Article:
One of the cacti growing at the Royal Villa, Phoenix

House 4 was another two story that I liked (another loft for my weaving studio) but Kevin didn't, and that brought us to house 5. This one was closest to our proposed hydroponics warehouse, meaning the shortest commute, and was an older home in a well established neighborhood. It backs up to a golf course, and has absolutely no privacy in the back yard. We'd also have to make the open fencing dog proof so that the kids wouldn't get out and bother the golfers, but much to my surprise, I fell in love with the house. It felt like "home." No large space for my weaving, no privacy, no pool, but still. I had to admit to the realtor that the house had nothing on my wish list, but I could live there quite comfortably. The next door neighbor told us that he, aged 55, was the youngest person in the neighborhood, and that's when the realtor found that the house is in a seniors only area. I guess, much as I hate to say it, that Kevin and I both fit that bill. House 6, however, if I had the money in hand, would be mine now. On a single level for Kevin, with a completely private back yard and a built-in pool, new paint, new carpeting, new appliances, new roof, and in our price range. The only problem is that we still don't have the go-ahead for either of the ventures we're hoping to start in Phoenix. We drove back to the Royal Villa with my frustration level at the tipping point.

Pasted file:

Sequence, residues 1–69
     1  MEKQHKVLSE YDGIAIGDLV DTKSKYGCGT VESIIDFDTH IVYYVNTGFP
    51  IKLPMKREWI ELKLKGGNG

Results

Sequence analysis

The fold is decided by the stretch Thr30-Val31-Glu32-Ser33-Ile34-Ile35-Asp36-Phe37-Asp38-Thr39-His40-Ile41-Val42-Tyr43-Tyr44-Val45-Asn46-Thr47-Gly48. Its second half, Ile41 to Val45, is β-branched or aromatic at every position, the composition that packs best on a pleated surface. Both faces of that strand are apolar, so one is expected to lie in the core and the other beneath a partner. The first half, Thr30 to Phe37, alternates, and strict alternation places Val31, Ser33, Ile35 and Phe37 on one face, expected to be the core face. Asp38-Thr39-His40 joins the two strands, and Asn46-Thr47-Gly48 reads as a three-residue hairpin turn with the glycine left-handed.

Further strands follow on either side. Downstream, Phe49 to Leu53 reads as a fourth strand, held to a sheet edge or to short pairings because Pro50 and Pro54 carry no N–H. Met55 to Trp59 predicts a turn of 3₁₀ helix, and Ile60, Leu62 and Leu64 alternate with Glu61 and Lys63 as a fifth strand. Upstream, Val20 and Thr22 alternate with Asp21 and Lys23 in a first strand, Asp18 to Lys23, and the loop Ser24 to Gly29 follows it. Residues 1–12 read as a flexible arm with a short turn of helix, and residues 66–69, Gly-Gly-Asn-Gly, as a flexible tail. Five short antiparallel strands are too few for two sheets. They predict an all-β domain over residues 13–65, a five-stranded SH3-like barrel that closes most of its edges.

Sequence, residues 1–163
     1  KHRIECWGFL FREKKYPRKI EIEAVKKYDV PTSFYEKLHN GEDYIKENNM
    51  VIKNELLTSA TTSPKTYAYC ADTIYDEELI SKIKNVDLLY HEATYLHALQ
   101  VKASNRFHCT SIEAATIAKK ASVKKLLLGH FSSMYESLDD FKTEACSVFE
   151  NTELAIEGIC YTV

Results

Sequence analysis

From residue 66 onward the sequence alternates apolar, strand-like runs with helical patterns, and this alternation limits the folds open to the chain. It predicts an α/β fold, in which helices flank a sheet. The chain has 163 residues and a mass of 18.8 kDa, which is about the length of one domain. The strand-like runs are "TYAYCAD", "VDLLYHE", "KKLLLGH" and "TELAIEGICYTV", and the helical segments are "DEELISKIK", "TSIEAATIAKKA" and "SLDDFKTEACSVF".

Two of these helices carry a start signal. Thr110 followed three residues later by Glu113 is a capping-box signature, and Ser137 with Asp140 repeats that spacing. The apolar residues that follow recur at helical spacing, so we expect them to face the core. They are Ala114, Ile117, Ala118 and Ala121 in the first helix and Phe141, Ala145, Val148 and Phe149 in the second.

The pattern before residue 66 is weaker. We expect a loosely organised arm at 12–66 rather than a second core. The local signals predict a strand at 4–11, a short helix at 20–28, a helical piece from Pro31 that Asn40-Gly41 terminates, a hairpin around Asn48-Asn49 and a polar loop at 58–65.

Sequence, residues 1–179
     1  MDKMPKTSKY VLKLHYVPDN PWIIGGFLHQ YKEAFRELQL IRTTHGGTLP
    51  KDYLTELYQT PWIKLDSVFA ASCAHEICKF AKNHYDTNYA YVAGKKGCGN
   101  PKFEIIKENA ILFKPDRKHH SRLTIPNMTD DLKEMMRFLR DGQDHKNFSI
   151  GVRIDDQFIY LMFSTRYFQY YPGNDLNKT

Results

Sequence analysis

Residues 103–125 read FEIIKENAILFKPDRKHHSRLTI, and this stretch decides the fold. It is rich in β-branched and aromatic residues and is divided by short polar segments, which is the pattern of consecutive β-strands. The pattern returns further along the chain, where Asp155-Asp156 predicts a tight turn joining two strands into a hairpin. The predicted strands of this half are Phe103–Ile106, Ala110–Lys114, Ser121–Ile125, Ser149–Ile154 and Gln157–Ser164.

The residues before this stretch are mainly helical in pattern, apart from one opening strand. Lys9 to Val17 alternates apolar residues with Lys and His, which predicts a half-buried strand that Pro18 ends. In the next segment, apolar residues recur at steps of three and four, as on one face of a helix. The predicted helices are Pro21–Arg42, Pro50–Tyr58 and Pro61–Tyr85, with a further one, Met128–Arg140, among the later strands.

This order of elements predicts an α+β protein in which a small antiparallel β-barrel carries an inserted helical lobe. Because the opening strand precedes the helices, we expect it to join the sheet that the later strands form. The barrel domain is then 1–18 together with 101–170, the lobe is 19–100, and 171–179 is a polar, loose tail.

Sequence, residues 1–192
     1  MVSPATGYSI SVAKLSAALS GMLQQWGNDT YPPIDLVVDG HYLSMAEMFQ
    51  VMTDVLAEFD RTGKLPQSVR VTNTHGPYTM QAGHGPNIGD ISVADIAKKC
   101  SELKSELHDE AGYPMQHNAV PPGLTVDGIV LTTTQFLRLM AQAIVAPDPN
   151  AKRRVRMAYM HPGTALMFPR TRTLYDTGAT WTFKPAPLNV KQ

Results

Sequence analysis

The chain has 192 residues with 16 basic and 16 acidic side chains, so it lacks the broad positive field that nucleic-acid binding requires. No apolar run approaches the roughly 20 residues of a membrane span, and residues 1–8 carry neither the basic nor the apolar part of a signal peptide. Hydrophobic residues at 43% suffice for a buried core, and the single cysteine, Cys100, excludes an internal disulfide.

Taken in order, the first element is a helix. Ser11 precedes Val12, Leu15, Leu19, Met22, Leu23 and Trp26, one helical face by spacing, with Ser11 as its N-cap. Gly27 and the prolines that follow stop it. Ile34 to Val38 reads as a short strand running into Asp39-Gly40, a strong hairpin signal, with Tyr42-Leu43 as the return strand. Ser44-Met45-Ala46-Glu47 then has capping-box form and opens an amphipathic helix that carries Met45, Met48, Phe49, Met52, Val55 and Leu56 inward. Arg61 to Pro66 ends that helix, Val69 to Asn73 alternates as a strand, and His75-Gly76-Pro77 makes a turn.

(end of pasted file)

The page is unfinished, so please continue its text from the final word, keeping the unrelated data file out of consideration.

Friday, we spent most of our time at the Royal Villa, with me naked by the pool for most of the day. In the evening, the doctor called, and we met him at a Glendale Hospital at 8 pm. Maybe, just maybe, things will work out, but I'm still not convinced.

Saturday, as I mentioned above, we packed up and headed to the airport, arriving three hours early. I know Kevin didn't understand my mood, and I'm not sure I can explain it to him. Now that we're home, I'm glad to be back in my own house, with the kids on my lap, but at the same time I miss the blue sky, sunshine, and warm temperatures we had in Phoenix. Not to mention all the time naked at pool side. Oh well, life does go on.

Still not the jet plane we left on, but one parked at Phoenix-Mesa Gateway Airport

For John Denver singing "Leaving on a Jet Plane" with Cass Elliot, click here.

No comments: